Social media and learner identities: facilitator or inhibitor?

Teri-Lisa Griffiths – Sheffield Hallam University
Jess Benton – L5 student

Short paper

Retention and engagement continue to be key priorities for Higher Education institutions. Previous research has identified learning communities of practice as a crucial component of retaining learners in higher study (Masika & Jones, 2016). Byrom & Lightfoot (2012) identified the barriers for working class students’ adaption to their university community, indicating that identity formation also has implications for social mobility. This project uses the starting point of social learner identity (Wenger, 2009) and its implication for retention as a way to examine how students utilise their online networks to discuss, share, and dissect their learning experiences. Some documented benefits to online social interaction include increased social capital and well-being (Ellison et al., 2007). However, the possible dangers of social networking include unfavourable comparison and pressure to feel constantly available and connected online (Fox & Moreland, 2015).

Using linguistic analysis to examine data from social media websites the researchers will analyse the potential facilitators and inhibitors to the formation of a positive and productive learner identity and communities of practice. The data will be collected from self-identified students on Twitter. Twitter was selected both because of the open nature of the data and the fact that it can form a ‘back channel’ or ‘conversational shadow’ to real-life occurrences (Zappavigna, 2012). Linguistic analysis will be focussed on sociological understandings of language, as a way to understand more about a specific aspect of social life. To do this, the researchers will utilise a software program called Linguistic Inquiry and Word Count (LIWC). LIWC categorises words to highlight the links between word usage and social development. The researchers will examine if linking student social media posts with their social development as students can lead to a new understanding of their experiences (Tausczik & Pennebaker, 2010). In doing so, we hope to provide an insight into how institutions may use social media tools to engage positively with their students and perhaps support the formation of learner identities.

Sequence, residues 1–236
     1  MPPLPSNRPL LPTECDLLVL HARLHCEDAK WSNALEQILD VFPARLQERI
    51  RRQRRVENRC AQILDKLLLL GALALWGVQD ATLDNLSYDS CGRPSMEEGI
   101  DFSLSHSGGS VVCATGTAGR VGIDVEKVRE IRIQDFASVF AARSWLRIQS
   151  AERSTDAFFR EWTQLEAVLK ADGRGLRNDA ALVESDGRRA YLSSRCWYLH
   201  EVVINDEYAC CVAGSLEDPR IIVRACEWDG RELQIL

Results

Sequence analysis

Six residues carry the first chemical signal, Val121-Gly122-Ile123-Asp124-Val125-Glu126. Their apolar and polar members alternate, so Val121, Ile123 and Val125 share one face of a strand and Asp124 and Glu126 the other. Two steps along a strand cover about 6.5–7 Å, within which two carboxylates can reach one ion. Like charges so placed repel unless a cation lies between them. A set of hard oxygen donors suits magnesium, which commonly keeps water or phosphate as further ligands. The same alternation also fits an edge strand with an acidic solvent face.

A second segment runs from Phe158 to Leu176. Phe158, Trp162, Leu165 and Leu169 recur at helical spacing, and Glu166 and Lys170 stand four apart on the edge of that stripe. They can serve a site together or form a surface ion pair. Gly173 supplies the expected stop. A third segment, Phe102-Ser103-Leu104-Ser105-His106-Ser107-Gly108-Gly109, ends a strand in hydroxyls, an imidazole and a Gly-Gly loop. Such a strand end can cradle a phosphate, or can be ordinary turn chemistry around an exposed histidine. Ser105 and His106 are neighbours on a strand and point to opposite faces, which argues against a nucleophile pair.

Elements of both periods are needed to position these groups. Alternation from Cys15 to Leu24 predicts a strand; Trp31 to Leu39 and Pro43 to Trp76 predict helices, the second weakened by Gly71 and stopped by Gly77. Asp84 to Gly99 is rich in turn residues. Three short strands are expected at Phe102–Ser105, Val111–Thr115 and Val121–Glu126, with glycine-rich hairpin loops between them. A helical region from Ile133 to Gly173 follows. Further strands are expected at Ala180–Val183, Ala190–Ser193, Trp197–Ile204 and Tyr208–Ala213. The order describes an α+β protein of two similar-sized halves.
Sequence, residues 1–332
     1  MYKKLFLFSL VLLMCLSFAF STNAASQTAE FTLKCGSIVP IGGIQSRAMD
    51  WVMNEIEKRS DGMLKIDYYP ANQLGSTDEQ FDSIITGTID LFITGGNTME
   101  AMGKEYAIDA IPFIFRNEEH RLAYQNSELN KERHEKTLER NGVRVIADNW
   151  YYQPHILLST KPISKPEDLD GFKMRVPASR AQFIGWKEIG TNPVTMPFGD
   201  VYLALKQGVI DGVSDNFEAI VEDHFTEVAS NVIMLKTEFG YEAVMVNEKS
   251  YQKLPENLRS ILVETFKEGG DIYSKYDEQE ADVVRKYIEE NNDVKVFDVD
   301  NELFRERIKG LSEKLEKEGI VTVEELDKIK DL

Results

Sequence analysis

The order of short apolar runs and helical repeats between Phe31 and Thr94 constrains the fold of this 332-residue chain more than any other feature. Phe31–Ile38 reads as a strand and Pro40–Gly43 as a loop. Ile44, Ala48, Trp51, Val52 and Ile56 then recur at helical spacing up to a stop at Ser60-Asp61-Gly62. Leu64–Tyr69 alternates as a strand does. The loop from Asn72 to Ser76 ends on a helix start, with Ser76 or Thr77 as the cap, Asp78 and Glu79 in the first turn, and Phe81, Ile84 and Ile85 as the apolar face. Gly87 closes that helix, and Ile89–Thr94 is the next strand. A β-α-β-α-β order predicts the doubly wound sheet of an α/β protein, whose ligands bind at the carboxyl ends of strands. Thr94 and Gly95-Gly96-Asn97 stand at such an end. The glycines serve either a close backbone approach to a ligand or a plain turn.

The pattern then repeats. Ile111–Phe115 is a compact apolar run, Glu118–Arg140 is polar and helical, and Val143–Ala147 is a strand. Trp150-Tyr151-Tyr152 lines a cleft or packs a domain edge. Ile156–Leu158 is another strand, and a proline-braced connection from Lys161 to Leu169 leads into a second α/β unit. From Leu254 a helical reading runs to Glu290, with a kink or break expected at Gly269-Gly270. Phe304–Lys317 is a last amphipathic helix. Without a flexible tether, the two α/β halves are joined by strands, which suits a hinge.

Byrom, T., & Lightfoot, N. (2012). Transformation or Transgression? Institutional Habitus andWorking Class Student Identity. Journal of Social Sciences, 8(2), 126-134.

Ellison, N., Steinfield, C., & Lampe, C. (2007). The Benefits of Facebook “Friends:” Social Capital and College Students’ Use of Online Social Network Sites. Journal of Computer-Mediated Communication, 12(4), 1143-1168.

Fox, J., & Moreland, J. J. (2015). The dark side of social networking sites: An exploration of the relational and psychological stressors associated with Facebook use and affordances. Computers in Human Behavior45, 168-176.

Masika, R., & Jones, J. (2016). Building Student Belonging and Engagement: Insights into Higher Education Students’ Experiences of Participating and Learning Together. Teaching in Higher Education, 21(2), 138-150

Tausczik, Y., & Pennebaker, J. (2010). The Psychological Meaning of Words: LIWC and Computerized Text Analysis Methods. Journal of Language and Social Psychology, 29(1), 24-54.

Wenger, E. (2009) A Social Theory of Learning In Illeris, K. (Ed.). Contemporary theories of learning : Learning theorists … in their own words. (pp. 209 -219). London: Routledge.

Zappavigna, M. (2012). Discourse of Twitter and Social Media: How we use language to create affiliation on the web. London: Continuum.


social media; student identity; social learning; retention; engagement; learning community

Relation to the theme

  • reaching and engaging different groups of learners
  • innovative ways of meeting learning outcomes and enabling learning gain